Italo Ferreira rides a big wave at the SHISEIDO Tahiti Pro 2024 in Teahupo'o, Tahiti.
© Ed Sloane/World Surf League

Italo Ferreira is back! The Brazilian resurfaces on top at the Tahiti Pro

Incredible performances are the order of the day as Teahupo'o delivers the WSL's best waves since 2022 and a resurgent Italo Ferreira signals his intent ahead of a big few months for surfing.
By Chris Binns
5 min readPublished on
It's been four long years since surfing's first-ever gold medallist and 2019 world champion Italo Ferreira last won a WSL Championship Tour event. Today he broke that drought in spectacular fashion. Ferreira beat Hawaiian John John Florence in an exhilarating climax to the SHISEIDO Tahiti Pro in incredible 10-foot tubes at Teahupo'o and put himself back in the top five for the first time this year.
As well as breaking through for his first big result of the year, it was also Ferreira's first-ever win in Tahiti – a fact that had not gone without notice – and he was over the moon to rectify that, especially given the sheer size and power of the waves on offer.
Italo Ferreira celebrates winning the 2024 SHISEIDO Tahiti Pro.

Italo Ferreira celebrates winning the 2024 SHISEIDO Tahiti Pro

© Matt Dunbar/World Surf League

I've really been waiting for this moment. I've won in different types of waves, but not barrels
After coming in to Tahiti ranked 16th, well below acceptable for a man who expects himself to win the world title every year, Ferreira vaulted 11 places in the ratings to fifth with only three events remaining before the Top 5 battle it out for the crown in the WSL Finals at Lower Trestles in California.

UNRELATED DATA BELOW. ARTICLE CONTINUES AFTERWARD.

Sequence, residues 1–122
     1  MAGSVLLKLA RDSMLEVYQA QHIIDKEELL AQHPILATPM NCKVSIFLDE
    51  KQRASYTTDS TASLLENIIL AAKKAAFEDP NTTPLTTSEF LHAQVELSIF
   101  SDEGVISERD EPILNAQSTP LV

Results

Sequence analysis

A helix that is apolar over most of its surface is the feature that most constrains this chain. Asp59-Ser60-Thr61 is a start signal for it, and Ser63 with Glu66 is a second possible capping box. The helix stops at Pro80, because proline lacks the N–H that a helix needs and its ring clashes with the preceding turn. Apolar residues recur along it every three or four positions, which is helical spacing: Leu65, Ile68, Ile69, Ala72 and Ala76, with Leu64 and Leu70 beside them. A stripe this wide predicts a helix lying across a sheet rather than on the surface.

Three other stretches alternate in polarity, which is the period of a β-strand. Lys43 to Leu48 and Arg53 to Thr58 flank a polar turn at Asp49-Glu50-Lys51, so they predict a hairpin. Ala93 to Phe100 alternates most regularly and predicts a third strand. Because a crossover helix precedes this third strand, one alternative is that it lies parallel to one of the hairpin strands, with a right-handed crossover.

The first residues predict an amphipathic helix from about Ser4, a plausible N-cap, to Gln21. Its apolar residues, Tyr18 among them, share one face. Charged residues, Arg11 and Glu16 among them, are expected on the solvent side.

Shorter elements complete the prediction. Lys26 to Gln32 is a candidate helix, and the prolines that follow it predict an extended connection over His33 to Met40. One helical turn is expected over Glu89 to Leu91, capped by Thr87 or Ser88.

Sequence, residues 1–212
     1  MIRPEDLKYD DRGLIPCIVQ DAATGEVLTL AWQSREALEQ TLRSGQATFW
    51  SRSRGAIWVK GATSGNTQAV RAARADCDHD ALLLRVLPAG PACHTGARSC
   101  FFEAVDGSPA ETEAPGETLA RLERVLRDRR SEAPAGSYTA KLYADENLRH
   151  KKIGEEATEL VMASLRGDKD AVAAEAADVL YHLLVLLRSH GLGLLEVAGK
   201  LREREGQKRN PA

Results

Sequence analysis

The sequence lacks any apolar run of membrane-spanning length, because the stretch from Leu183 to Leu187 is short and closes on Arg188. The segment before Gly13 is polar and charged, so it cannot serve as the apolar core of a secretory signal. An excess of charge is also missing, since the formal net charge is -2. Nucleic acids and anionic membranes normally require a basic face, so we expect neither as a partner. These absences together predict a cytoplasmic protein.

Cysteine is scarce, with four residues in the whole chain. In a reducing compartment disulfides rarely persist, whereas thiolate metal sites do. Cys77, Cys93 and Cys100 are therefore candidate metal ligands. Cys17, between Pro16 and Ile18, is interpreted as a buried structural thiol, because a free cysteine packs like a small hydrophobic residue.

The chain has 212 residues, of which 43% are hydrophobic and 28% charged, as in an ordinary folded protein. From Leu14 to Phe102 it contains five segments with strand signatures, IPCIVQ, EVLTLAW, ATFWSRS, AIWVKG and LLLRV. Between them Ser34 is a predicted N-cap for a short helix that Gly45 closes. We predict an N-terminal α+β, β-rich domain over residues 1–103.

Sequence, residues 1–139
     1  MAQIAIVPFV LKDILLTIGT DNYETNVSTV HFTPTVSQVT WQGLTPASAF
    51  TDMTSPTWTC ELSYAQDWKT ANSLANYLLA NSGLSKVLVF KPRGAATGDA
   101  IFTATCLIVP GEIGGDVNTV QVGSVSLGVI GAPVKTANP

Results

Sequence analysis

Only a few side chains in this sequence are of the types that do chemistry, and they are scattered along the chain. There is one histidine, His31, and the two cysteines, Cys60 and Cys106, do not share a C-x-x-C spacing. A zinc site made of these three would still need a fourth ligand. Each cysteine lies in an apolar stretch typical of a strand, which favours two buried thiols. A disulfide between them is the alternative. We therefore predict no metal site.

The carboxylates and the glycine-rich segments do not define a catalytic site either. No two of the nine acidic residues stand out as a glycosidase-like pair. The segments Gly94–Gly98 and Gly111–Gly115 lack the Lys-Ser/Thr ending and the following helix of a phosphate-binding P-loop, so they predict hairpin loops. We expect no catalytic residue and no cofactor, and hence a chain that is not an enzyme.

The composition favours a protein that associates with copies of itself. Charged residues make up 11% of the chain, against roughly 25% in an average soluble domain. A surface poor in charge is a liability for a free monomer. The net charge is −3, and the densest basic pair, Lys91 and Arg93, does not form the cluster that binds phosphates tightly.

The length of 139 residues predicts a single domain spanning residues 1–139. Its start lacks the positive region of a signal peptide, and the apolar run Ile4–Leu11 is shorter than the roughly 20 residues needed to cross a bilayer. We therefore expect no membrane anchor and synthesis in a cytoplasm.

It was an arduous finals day for all competitors but none more so than for Ferreira and Florence, who surfed four times in the draining tropical heat while tackling enormous waves breaking in only a few feet of water.
While Ferreira came up against a mixed bag of surfers on the final day, including tour rookie Cole Houshmand, fellow Brazilian Yago Dora and rampaging Moroccan lion Ramzi Boukhiam, Florence had to battle it out in a stacked bottom half of the draw. After accounting for local wildcard Mihimana Braye in his first heat for the day, he then came up against deadly Indonesian Rio Waida, before surfing's favourite modern day matchup lined up again in the semi-finals: Florence versus Gabriel Medina, who'd started his day with a near perfect 19.83 heat total against hapless American Jake Marshall.
Much like the legendary 2016 Tahiti Pro, where Florence and Kelly Slater slugged it out in the semis before Florence lost to a more rested Medina in the finals, this time around it was Ferreira watching Florence and Medina beat each other up in the semis, as he lay in wait, ready to pounce in the final.